Spoiledmilks.com

I apologize for any confusion with the websites lately. The URL to this website is Spoiledmilks.wordpress.com. I created a new one called Spoiledmilks.com, and had all of my information transferred to that site. Originally I set this site to private, but some links are still set to the old site. Once I discovered that I thought I should open this site back up and explain that I have moved to a new site, and I’m trying to fix all of the links and put things in proper order.

If you are following this website, please instead subscribe to Spoiledmilks.com. There’s been a decrease in my followers since moving to that site, and I’m not really sure why, though the logistical confusion may have thrown a wrench into the system.

Spoiledmilks.com

 

Two Years Later

Spring 2017

It’s been almost two years since I last wrote a “life” post. After last year’s March furnace fires, things quieted down… briefly. After the fire Mari and I moved into the on-campus missionary housing at SBTS and finished up our semester there. At the end of that my parents came up to help us move everything into a friend’s garage. We surprised my parents with the good news they’d been waiting for: Mari was pregnant.

They were, of course, ecstatic, and there was, of course, a catch: after we heading back to Norway for the summer, I would return alone to Louisville in the fall while Mari would work in Norway to get maternity leave. Because I need a Master’s degree in theology to get a visa to do any theological work in Norway, I couldn’t even intern at our church in Norway. Getting a master’s degree, then, was top priority for me, and I would have until the end of 2019 (when Mari will finish).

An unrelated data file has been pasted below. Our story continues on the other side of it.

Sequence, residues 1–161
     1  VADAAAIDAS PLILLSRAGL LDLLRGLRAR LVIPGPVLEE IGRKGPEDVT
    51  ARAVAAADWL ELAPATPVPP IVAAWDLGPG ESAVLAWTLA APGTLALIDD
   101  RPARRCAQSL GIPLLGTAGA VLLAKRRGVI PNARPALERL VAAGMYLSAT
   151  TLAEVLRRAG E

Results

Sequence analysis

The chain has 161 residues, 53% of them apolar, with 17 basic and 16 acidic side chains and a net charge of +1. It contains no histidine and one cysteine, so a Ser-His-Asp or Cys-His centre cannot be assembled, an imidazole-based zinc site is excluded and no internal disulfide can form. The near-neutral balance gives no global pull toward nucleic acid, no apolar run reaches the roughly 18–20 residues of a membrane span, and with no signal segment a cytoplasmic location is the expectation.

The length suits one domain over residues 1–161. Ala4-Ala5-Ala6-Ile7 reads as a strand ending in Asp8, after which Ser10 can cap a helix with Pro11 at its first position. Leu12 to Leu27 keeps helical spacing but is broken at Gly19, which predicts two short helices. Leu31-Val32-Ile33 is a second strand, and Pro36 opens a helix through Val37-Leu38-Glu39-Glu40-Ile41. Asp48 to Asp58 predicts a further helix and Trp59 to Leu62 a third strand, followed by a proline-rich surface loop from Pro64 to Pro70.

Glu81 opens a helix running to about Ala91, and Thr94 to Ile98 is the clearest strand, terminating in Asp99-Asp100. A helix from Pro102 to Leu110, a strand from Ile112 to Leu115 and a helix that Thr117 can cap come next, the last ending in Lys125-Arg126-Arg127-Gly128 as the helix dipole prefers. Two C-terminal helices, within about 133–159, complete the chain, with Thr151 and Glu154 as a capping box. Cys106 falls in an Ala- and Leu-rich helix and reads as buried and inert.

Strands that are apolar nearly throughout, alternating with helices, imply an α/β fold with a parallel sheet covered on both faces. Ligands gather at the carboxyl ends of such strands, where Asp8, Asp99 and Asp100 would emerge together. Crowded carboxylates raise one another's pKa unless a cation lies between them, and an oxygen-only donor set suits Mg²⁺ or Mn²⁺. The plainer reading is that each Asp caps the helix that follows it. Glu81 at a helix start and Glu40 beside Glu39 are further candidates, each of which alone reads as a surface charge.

Who would want to give a visa to that guy?

Summer 2017

Mari and I had a good summer in between. We drove around Jotunheimen National Park where Norway’s tallest mountain stands.

 

 

This is the Knight’s Leap next to Ridderspranget, a current in the river Sjoa.      I didn’t try to jump it.

Fall and Winter 2017-18

In the fall, my parents helped me move into my new efficiency apartment, just big enough for one person, and I smashed five classes together. I came back to Norway for the winter break to my wonderful, very pregnant wife. Now, our son was “supposed” to be born on January 3rd. That being so, our plan was that I would head back to KY on the 19th, and Mari and Micah would visit sometime later that semester. But then Micah didn’t come on the 3rd, but on Sunday the 14th. My plan changed the instant he was born. How could I leave on Friday?

After emailing Southern and making numerous class changes, I was able to stay in Norway for another month and help Mari take care of our newborn baby boy, Micah Jonathan Robinson. It was the best sleep deprivation I’ve ever had trying to figure out our little boy. When I had to head back to KY, I was then leaving two loves. Thankfully, I only needed to wait five weeks to see them again.

Spring and Summer 2018